Jupiter Ascending | Teen Ink

Jupiter Ascending

August 7, 2015
By AlaNova ELITE, Naperville, Illinois
AlaNova ELITE, Naperville, Illinois
257 articles 0 photos 326 comments

Favorite Quote:
Dalai Lama said, "There are only two days in the year that nothing can be done. One is called YESTERDAY and the other is called TOMORROW, so today is the right day to love, believe, do, and mostly live..."

Jupiter Jones (Mila Kunis) believed in fate once, much like her astronomy-obsessed father; now a toilet-cleaner pigeonholed in a den of Russian relatives, Jupiter has lost but all hope in her own destiny. But a slew of alien Keepers are on the hunt for her, leased by one of the greatest dynasties in the universe: specifically Balem Abrasax (Eddie Redmayne). And the house of Abrasax wants her for one reason; Balem’s sister Kalique Abrasax (Tuppence Middleton) and brother Titus (Douglas Booth) also know she holds claim one of the most valuable estates to inherit: Earth. Jupiter will be joined by Caine Wise (Channing Tatum), a ravaged Lycant half-breed to save her from nearly assured doom; or the universe will pay the price.

Those eagerly awaiting the next marvelous female heroine will have to…sit down, because she’s yet to arrive. Ascending has its redeeming quirks, technological flow not being one of them; while the entire point of Jupiter being a girl is so pointed it’s ridiculous. Constantly shepherded by on the back of a flying werewolf (no kidding), Jupiter is thrown into events that end in her progressive endangerment, distress, and repeated rescue (again, no kidding). Her greater decision in the movie literally involves getting married to an attractive prince. Intergalactic royalty or not, Ms. Jones is sure to offend any remote feminist in the audience as Kunis is tossed frame to frame like a ragdoll. And Jupiter’s long awaited glory moment of combat finally comes in beating the heck out of Stephen Hawking—wait, sorry, Eddie Redmayne—which feels unfortunately a bit too little, too late. And by then, she’s readying for her next rescue.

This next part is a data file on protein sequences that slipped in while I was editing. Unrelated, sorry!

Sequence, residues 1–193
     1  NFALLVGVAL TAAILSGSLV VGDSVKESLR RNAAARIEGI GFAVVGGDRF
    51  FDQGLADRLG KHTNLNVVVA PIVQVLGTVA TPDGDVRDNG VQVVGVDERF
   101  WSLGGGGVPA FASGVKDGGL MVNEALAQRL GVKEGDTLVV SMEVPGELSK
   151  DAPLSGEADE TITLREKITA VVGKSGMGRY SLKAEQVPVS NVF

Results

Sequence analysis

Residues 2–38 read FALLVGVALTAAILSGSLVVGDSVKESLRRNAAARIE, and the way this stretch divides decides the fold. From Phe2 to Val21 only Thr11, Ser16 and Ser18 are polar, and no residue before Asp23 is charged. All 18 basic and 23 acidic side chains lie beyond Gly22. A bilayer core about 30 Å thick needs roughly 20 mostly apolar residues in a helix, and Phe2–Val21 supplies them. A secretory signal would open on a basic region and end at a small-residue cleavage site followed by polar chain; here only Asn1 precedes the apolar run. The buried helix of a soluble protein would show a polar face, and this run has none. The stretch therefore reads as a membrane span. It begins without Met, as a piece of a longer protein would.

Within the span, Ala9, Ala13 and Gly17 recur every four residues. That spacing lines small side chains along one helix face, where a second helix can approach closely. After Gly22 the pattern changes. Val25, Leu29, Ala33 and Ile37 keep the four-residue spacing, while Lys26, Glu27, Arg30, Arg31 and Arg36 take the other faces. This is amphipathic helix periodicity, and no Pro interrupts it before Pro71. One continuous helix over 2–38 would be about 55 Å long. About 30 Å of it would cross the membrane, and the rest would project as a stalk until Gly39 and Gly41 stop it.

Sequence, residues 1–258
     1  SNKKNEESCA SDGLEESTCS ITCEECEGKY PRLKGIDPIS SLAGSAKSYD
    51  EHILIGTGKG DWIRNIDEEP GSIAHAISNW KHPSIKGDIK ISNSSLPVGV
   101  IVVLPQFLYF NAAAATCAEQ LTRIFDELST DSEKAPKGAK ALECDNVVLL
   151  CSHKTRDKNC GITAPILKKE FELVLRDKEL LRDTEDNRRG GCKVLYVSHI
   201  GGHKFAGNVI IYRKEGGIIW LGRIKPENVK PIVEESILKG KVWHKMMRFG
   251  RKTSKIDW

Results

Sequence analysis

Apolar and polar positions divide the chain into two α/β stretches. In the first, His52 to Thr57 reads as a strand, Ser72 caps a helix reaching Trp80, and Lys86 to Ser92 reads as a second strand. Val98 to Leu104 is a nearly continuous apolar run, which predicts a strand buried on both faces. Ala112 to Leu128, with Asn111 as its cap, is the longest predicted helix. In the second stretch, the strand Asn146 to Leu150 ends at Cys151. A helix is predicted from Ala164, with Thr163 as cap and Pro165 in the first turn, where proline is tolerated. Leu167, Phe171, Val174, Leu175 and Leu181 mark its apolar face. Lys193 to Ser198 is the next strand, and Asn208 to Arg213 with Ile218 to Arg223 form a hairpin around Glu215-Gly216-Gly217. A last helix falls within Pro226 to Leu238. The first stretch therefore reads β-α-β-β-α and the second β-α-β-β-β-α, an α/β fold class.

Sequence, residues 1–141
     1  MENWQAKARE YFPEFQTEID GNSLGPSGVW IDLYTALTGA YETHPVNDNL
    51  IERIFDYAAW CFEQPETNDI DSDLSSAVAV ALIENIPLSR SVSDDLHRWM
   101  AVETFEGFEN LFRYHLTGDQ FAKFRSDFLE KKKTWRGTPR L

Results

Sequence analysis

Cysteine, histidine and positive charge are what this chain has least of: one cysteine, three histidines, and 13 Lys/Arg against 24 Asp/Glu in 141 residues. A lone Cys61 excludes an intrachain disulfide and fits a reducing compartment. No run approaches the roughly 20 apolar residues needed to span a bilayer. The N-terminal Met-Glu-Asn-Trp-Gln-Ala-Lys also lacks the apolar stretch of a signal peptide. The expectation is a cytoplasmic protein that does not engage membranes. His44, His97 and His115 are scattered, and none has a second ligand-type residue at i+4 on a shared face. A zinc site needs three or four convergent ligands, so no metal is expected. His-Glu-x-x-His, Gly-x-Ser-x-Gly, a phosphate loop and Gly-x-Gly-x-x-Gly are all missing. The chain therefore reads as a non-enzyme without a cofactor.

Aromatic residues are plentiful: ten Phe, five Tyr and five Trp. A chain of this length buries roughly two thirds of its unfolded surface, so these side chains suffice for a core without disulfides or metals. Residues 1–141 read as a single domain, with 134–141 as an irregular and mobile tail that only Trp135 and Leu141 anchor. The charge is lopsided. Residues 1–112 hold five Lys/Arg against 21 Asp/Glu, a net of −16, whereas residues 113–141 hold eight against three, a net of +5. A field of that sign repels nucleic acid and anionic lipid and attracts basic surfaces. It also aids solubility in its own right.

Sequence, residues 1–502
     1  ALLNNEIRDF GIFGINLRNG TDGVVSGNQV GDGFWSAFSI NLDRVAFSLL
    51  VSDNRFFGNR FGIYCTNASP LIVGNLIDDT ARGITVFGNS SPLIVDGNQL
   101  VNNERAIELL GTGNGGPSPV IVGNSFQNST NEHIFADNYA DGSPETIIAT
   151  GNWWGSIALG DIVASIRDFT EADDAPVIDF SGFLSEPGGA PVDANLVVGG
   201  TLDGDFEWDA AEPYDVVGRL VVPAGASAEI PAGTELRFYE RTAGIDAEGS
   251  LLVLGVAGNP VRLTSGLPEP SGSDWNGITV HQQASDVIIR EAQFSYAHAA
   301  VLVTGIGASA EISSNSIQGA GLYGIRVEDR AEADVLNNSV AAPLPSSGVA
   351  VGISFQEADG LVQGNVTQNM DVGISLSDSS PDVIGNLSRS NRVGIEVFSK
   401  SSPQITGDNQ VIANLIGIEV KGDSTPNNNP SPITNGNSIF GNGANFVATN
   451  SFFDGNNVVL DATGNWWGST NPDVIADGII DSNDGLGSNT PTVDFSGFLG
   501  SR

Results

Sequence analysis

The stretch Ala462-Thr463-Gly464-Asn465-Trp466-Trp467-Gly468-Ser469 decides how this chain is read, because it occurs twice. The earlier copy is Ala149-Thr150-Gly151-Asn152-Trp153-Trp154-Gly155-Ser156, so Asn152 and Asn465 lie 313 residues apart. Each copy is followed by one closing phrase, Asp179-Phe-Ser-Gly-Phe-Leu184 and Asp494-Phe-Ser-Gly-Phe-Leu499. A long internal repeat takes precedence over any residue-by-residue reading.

Not to be outdone by maintaining gender stereotypes, Tatum embodies the no-dimensional ravaged guy hunk. (Who’s not just a normal werewolf, either; Caine claims to have been bred for the military and has “…more in common with a dog than with [Jupiter].” Regardless, I saw Elf ears.) His character evolution ends in having his frenemy urge on his instinct to protect beautiful endangered women. And I guess I’ve gotten used to it, but, spoiler alert: Sean Bean (playing Stinger) doesn’t even die in this one!

It’s not just the characters that are periodically disappointing; the entire storyline feels bolstered by continual vaccinations of recycled cinema. Threaten the girl’s family and she gives in? Done. A werewolf romantic lead? Done. The “but why me” mantra and subsequent “you’ve got the wrong person, I’m too ordinary”? Done and…done.

Fitful bursts of techno whiz meant to impress the AI-obsessed generation sporadically appear, propping up a plotline that whizzes around your head and gives you a headache. Anyone without subtitles rolling is dead meat—the Epic Capitalized Names and Titles suggest potential backstory worth a whole Star Wars length setup; but within roughly 2 hours duration, the great immortal themes fly above your head. Though the costume design and CGI material is, admittedly, the stuff of gods. As a kid born in the millennial age, I’ve wondered to myself several times if our green-screening abilities may outscore actual outer space. I’m sure the real Stephen Hawking would disagree; nonetheless, it’s not quite enough to enlighten this movie. Jupiter is descending.

The author's comments:

What does "THHRe" stand for? Good question! It's THE HOLY HITCHHIKE’S REVIEW...A shorter version of the Hitchhike, reviews principally concerning books, movies, and music. Enjoy, and let loose your commentary and suggestions below. A new column of THH every Friday!

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